From the “there’s more than one way to skin a cat besides choking it on butter” files: Last week Jeremy Bufford, owner of a Florida-based online cannabis school, made a personal pledge to the volunteers working to gather signatures for a ballot measure aimed at legalizing cannabis in Mississippi. During a press conference Bufford promised to pay volunteers for collecting signatures, offering $1 for each “certified” signature obtained across the state of Mississippi, and he put a $2 bounty on signatures from voters in the Mississippi Delta region. In addition Bufford committed to providing a $30,000 minimum grand prize to the group that obtains the most overall signatures.
While announcing the incentives to a group of volunteers Bufford stated that there were “significant restrictions” attached to the offer, which are detailed on this page. “There are a couple of other significant restrictions on what we are talking about here today. I have a list of those and they’re still being reviewed by our council.”
Is pay-for-signatures legal?
During the announcement Bufford fielded a question from a volunteer who asked if he had actually spoken to anyone in the Attorney General’s office and confirmed that paying volunteers to gather petition signatures was not against the law. Bufford stated that there was a law on the books that makes it unlawful to buy petition signatures, but that the law was struck down in a 1997 case.
“There actually is a law on the books that says you can’t do it. There was a case in 1997 that struck that down and called that law unconstitutional. And so at this point in time while we’re still reviewing this with our legal council it’s our understanding that we’re moving forward that the idea that it is legal to do so.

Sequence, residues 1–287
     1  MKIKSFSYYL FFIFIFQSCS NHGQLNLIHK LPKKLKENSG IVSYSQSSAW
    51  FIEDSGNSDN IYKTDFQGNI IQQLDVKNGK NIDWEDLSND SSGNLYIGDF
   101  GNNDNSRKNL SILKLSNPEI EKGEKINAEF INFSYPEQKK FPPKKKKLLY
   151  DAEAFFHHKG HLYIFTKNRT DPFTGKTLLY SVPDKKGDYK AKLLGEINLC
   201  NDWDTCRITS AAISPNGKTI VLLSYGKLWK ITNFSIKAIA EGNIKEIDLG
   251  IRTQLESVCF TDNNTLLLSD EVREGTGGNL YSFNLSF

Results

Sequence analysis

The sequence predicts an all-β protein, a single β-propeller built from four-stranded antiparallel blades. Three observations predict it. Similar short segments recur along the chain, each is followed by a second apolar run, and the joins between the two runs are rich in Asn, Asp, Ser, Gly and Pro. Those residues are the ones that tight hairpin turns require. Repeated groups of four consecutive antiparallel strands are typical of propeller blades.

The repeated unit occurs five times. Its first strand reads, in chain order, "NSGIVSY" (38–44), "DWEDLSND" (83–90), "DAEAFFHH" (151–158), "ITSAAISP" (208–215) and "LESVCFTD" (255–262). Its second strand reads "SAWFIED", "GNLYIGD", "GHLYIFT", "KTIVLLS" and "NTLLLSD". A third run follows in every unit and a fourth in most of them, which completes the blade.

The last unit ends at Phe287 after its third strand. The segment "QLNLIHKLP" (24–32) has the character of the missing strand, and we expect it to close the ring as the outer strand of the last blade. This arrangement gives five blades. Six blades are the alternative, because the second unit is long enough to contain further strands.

New Campus in Mississippi
In addition to his pay-per-signature announcement Bufford also announced that his company was looking to make a real estate deal somewhere near Jackson in order to relocate his school to Mississippi. Courses will range from $99 to 399, and the school also plans to offer 2-year Associates degrees and 4-year Bachelor degrees, as well as meal plans and on-campus housing.
When asked about which accrediting organization would be signing off on the school, Bufford said that accreditation is typically a lengthy process and that they were still evaluating organizations. He said most accrediting organizations want a school to be in operation for a minimum of two years before beginning the vetting process.
Bufford said the Mississippi campus will start with a small enrollment of 10 or so students per semester to start.
- Medical Marijuana United
- Mississippi Alliance for Cannabis
- One of the Boldest Cannabis Initiatives in History is Taking Place Right Now in Mississippi
Watch the announcement below (33:10)